These twelve new essays show the variety and versatility of Renaissance tragedy and highlight the issues it explores. Each chapter defines a particular kind of Renaissance tragedy and offers new research on a particularly striking example. Collectively the essays offer a critical overview of Renaissance tragedy as a genre.
Broadening the notion of censorship, this volume explores the transformative role played by early modern censors in the fashioning of a distinct English literature in the sixteenth and seventeenth centuries. In early modern England, the Privy Council, the Bishop of London and the Archbishop of Canterbury, the Stationers’ Company, and the Master of the Revels each dealt with their own prerogatives and implemented different forms of censorship, with the result that authors penning both plays and satires had to juggle with various authorities and unequal degrees of freedom from one sector to the other. Text and press control thus did not give way to systematic intervention but to particular responses adapted to specific texts in a specific time. If the restrictions imposed by regulation practices are duly acknowledged in this edited collection, the different contributors are also keen to enhance the positive impact of censorship on early modern literature. The most difficult task consists in finding the exact moment when the balance tips in favour of creativity, and the zone where, in matters of artistic freedom, the disadvantages outweigh the benefits. This is what the twelve chapters of the volume proceed to do. Thanks to a wide variety of examples, they show that, in the Elizabethan and Jacobean eras, regulations seldom prevented writers to make themselves heard, albeit through indirect channels. By contrast, in the 1630s, the increased supremacy of the Church seemed to tip the balance the other way.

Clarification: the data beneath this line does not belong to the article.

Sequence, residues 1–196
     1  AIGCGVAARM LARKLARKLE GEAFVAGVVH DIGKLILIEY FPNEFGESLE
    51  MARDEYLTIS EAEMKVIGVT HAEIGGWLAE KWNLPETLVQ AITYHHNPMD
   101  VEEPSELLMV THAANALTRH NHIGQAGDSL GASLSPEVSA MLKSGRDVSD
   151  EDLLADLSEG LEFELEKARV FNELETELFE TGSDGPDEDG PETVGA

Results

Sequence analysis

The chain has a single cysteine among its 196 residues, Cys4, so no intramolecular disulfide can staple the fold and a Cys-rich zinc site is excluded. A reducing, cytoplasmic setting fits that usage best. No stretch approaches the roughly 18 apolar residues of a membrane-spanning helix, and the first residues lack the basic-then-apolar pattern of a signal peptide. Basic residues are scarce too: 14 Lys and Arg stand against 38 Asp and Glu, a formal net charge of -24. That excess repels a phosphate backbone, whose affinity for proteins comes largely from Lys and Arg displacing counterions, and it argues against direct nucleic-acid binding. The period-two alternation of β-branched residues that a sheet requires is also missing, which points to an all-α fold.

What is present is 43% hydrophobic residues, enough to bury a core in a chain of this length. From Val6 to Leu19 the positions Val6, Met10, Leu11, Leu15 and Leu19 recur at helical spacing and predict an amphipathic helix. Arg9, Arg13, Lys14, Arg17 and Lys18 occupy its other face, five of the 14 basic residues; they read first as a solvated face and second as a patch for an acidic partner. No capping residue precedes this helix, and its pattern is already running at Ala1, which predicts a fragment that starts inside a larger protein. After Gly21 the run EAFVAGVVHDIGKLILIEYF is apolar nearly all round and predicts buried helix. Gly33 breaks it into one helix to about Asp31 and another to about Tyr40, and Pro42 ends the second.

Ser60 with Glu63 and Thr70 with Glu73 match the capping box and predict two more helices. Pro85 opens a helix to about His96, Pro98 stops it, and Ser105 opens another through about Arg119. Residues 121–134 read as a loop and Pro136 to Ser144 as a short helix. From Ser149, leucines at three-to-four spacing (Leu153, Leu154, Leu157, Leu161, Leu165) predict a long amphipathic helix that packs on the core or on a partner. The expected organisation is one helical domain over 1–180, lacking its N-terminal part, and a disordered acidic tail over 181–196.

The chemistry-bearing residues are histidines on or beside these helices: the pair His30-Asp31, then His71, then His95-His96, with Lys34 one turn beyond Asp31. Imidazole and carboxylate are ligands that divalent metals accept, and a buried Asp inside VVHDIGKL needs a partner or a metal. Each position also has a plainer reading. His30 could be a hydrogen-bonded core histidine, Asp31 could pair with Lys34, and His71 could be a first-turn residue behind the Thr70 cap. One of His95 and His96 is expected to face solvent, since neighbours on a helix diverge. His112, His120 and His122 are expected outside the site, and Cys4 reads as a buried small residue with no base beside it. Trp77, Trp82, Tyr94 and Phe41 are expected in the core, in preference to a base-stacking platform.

Along with his childhood friend Sir Philip Sidney, Fulke Greville (1554–1628) was an important member of the court of Queen Elizabeth I. Although his poems, long out of print, are today less well known than those of Sidney, Spenser, or Shakespeare, Greville left an indelible mark on the world of Renaissance poetry, both in his love poems, which ably work within the English Petrarchan tradition, and in his religious meditations, which, along with the work of Donne and Herbert, stand as a highpoint of early Protestant poetics. Back in print for a new generation of scholars and readers, Thom Gunn’s selection of Greville’s short poems includes the whole of Greville’s lyric sequence, Caelica, along with choruses from some of Greville’s verse dramas. Gunn’s introduction places Greville’s thought in historical context and in relation to the existential anxieties that came to preoccupy writers in the twentieth century. It is as revealing about Gunn himself, and the reading of earlier English verse in the 1960s, as it is about Greville’s own poetic achievement. This reissue of Selected Poems of Fulke Greville is an event of the first order both for students of early British literature and for readers of Thom Gunn and English poetry generally.